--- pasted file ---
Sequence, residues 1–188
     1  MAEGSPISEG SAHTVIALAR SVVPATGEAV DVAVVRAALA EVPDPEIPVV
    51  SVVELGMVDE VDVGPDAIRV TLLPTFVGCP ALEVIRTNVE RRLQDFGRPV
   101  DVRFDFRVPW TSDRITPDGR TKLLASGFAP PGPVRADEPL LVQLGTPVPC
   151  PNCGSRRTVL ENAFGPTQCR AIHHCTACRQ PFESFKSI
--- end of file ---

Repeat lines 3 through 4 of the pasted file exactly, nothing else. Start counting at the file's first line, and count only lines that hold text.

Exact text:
    51  SVVELGMVDE VDVGPDAIRV TLLPTFVGCP ALEVIRTNVE RRLQDFGRPV
   101  DVRFDFRVPW TSDRITPDGR TKLLASGFAP PGPVRADEPL LVQLGTPVPC